This is actually a fairly difficult thing. I don’t think that these metrics are necessarily bad, they just don’t align particularly well with the goals of MVC. For one, because of what we do and how we do it and how we’re funded, we don’t have access to lots of the strategies and venues that contribute to getting lots of page views. We do “go viral” sometimes, but “going viral” and a publication or article’s ability to go viral is pretty tied up in power structures as well. Overall, articles by more privileged authors generally are much more likely to go viral because they have access to the distribution system, because they are more likely to be seen as intelligent, insightful, valuable, “level-headed”.  We don’t have access to most of the distribution systems in our industry – we get almost instantly voted off Hacker News and Reddit, for example. Many people in the tech industry categorically disregard our work as “too politic.” We can’t do events and promote our work there for safety reasons – I’ve been retired from public life for some time now. We can’t realistically afford lots of advertising. It goes on like that.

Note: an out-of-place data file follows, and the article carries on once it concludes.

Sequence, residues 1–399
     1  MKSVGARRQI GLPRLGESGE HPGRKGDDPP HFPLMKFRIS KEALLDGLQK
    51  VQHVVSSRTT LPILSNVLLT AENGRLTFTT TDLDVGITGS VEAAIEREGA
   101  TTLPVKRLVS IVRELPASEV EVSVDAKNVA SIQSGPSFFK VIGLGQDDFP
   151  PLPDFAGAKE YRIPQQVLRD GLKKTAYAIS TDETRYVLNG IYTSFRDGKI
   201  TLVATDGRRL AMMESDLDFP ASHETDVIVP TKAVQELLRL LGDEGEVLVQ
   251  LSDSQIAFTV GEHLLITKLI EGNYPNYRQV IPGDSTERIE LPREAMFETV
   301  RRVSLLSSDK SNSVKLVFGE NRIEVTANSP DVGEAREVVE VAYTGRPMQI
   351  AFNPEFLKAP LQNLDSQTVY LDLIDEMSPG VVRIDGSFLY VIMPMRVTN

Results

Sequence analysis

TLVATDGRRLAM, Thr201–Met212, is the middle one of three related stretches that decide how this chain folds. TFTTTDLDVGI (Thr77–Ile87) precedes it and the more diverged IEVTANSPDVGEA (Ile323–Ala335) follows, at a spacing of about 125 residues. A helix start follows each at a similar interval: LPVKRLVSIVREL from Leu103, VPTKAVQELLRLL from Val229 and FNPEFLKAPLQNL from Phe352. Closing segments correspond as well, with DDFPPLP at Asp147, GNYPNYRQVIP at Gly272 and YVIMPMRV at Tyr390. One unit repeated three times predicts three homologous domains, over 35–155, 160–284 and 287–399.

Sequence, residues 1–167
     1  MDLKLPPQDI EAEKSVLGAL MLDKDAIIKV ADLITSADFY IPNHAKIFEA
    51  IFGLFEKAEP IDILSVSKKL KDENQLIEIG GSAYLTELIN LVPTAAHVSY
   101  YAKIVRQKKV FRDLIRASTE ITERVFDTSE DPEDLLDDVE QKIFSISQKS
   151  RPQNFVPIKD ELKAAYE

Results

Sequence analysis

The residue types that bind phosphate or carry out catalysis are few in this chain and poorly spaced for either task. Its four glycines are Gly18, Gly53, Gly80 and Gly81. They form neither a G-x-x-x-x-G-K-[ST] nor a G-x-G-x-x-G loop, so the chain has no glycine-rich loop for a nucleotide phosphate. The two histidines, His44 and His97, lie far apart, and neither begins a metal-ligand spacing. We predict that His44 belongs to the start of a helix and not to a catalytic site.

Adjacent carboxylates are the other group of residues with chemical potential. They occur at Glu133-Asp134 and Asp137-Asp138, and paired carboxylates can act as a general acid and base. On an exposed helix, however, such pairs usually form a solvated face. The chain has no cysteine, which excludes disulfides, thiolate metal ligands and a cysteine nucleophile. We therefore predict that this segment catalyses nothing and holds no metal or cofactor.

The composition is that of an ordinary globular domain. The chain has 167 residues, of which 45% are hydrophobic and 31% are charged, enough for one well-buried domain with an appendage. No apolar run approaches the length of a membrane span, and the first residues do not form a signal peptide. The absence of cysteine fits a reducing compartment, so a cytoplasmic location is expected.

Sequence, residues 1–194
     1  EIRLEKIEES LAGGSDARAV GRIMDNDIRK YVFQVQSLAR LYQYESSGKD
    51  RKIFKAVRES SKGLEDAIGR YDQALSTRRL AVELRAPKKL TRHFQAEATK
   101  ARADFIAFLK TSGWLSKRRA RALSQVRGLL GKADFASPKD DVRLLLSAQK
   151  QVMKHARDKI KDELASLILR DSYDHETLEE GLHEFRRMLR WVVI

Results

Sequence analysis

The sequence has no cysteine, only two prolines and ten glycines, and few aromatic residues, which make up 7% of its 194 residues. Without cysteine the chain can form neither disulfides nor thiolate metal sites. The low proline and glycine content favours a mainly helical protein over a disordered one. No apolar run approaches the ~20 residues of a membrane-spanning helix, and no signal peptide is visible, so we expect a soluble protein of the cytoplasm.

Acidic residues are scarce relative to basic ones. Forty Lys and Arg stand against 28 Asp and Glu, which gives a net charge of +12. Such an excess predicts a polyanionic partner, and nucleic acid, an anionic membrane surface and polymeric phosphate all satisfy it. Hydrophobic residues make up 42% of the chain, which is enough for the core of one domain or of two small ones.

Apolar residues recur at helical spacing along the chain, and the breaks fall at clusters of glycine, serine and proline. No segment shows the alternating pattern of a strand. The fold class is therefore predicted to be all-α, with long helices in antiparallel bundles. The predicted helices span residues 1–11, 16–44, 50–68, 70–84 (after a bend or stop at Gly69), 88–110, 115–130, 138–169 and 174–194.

At the end of the day the goal – which is of changing tech culture – is not measurable in page views. Maybe you can say “well we reached all these people with our message” but that’s not a direct correlation. Lots of time we are writing specifically on themes and topics that no one in tech wants to talk about or address, or about the needs and experiences of people who are very under-represented in these spaces. It’s critical that we do that, but page views don’t “reward” that work.

It’s an emotional thing for me as the one responsible for the publication because it’s like, how the fuck do we know if we’re doing a good job? If things seem like they are changing, is it just because we’re surrounding ourselves with people who are more aware and tuned in and active? Is it my own bias, because I have to believe things are changing in order to keep going?